Furthermore, as Kathy Doherty, HR Director EMEA at Cubic Corporation, points out, “there’s no doubt that the events of the past two years have put a huge strain on the mental health of our nation – with stressors compounded by remote work, lockdowns, economic uncertainty and health concerns. According to HSE, stress, depression or anxiety accounted for 50% of all work-related ill health cases in 2020/21, an increase on pre-pandemic rates. And, while crucially, employee wellbeing has risen up the corporate agenda, this needs to stay front of mind as organisations continue discussions about how best to return to office life.”
So how can business leaders offer effective mental health support for their staff?
Nine in ten people in the UK who suffer from mental health problems are still experiencing stigma and discrimination, which can compound the initial difficulties and make it hard for them to seek help. A vital first step for organisations looking to tackle the problem is, therefore, to create an open and supportive culture that will encourage staff to seek help.
“Whilst mental health issues have been spoken about more widely in recent years, employees may find it daunting to share if they are struggling with their manager,” explains Rob Shaw, SVP Global Sales at Fluent Commerce. “Employers should create a culture where employees are able to openly discuss their feelings without fear of repercussion. Sharing online resources, having dedicated chat platforms where concerns can be shared, or having a qualified Mental Health First Aider, all help to support employees and show you are dedicated to their wellbeing.”
Dave Birchall, Chief People Officer at Node4, agrees: “Organisations must make a conscious effort to monitor the mental wellbeing of their employees. Small acts can make a big difference. Whether it is a regular coffee morning for people to connect and catch up, encouraging employees to take regular breaks or more structured support, such as providing tips and techniques to help manage stress or access to professional support services.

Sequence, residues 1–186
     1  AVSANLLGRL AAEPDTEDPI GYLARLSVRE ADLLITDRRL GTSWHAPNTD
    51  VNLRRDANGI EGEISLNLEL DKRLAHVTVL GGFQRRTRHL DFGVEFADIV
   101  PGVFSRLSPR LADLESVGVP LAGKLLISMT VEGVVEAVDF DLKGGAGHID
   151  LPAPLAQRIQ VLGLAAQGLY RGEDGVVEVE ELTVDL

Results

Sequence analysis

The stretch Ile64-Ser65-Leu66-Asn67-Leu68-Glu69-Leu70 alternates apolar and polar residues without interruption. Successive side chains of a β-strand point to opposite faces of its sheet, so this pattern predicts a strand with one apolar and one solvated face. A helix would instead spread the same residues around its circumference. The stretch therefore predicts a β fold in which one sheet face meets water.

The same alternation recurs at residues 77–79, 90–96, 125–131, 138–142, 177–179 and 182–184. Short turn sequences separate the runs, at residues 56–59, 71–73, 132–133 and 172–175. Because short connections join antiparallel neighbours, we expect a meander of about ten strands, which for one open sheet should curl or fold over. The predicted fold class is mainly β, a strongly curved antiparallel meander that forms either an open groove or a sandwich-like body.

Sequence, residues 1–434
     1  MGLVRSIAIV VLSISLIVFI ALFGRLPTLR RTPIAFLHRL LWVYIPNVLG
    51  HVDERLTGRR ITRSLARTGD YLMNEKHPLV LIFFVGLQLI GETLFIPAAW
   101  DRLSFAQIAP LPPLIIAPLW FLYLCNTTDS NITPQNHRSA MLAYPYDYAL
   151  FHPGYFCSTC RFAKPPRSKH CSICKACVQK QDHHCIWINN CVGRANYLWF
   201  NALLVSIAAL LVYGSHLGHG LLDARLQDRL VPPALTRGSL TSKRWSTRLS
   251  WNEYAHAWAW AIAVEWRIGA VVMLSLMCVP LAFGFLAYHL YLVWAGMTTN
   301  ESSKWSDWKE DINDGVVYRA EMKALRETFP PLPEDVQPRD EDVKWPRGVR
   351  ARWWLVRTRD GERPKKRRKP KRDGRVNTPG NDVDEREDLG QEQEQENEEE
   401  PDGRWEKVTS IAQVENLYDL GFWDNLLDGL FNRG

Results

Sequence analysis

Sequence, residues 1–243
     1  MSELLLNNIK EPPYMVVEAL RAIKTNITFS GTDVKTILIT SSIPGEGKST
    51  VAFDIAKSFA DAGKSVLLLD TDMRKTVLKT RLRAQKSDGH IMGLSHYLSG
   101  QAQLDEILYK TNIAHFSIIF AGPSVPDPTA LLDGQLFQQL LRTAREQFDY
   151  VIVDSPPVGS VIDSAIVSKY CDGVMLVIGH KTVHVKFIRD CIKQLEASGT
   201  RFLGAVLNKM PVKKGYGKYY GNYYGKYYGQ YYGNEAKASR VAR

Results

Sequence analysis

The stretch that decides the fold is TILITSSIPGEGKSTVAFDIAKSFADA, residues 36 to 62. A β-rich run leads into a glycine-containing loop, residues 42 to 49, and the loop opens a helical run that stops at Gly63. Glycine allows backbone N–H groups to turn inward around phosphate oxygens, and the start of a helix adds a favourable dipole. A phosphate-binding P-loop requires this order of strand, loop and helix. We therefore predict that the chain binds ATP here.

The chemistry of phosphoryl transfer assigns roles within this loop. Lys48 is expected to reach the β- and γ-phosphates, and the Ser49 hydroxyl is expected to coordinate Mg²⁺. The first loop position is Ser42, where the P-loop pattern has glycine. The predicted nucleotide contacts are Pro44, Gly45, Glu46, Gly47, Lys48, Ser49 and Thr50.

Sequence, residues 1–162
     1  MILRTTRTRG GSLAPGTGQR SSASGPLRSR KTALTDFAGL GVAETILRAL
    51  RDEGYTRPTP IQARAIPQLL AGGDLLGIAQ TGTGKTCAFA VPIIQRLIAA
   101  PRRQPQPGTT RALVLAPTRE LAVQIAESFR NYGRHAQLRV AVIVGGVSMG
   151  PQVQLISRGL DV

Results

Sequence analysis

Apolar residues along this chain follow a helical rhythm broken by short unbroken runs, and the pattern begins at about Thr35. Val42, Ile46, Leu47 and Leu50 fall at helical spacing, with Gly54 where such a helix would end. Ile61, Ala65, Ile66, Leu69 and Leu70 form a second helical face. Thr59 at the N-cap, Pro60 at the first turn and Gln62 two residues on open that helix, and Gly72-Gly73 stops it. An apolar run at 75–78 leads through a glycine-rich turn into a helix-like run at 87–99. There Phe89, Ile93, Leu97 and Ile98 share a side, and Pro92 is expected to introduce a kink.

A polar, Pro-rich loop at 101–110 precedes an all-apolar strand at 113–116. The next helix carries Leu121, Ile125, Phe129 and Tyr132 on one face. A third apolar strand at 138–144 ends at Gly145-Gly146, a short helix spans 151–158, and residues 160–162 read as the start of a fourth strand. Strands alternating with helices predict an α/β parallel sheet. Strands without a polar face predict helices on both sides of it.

“Here at Node4, we’re committed to looking after our employees’ mental wellbeing and destigmatising mental ill-health.”
“Employers should also create opportunities for open dialogues that enable workers to be forthright about their concerns or challenges, without fear of retribution, adopting a more person-centric approach to managing the health and wellbeing of their workforces,” concludes Kathryn Barnes, Employment Counsel EMEA at Globalization Partners.
As well as a supportive culture, businesses should look to implement practical policies to help support their staff.
Richard Guy, Country Sales Manager UK & Ireland at Ergotron, explains that, “initiatives need to be led right from the top of organisations, with annual reviews replaced with ongoing mentorship and regular check-ins with workers to see how people are feeling. This could be anything from a comfortable workspace that supports your posture and enables you to be efficient, to ensuring you’re taking the right breaks, or that problems with workload, healthcare or lifestyle factors aren’t weighing on your mind. Finding creative ways for informal collaboration through technology – for instance Slack and Skype – give everyone access to say ‘How’s it going?’ or ‘I’m not OK’.”